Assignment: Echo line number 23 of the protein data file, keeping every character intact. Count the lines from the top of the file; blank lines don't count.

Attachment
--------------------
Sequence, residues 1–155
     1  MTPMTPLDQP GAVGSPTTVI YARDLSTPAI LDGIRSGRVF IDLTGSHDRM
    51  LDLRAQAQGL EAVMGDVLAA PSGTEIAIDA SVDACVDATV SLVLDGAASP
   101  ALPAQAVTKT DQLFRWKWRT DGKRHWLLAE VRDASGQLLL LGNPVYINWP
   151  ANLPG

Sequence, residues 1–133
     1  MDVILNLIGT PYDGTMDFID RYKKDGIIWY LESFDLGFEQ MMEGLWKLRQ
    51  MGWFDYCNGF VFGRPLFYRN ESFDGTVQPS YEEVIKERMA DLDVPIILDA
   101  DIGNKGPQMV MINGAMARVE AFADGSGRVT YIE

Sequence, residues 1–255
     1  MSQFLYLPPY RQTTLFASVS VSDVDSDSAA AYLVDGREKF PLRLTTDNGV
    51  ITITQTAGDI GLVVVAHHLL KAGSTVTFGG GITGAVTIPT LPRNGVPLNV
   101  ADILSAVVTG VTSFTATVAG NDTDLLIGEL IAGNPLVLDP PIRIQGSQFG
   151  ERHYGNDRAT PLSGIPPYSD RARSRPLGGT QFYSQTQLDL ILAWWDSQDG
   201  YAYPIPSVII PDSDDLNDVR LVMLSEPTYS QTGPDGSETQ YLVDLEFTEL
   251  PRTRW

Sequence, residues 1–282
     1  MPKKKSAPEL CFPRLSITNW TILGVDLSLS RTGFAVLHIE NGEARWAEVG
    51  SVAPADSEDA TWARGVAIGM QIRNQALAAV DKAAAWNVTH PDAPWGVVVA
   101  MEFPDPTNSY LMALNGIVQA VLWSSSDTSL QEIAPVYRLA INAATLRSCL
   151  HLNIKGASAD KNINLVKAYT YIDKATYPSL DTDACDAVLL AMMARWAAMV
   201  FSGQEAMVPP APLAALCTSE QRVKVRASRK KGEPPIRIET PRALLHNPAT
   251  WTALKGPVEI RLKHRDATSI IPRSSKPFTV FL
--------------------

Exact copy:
   251  WTALKGPVEI RLKHRDATSI IPRSSKPFTV FL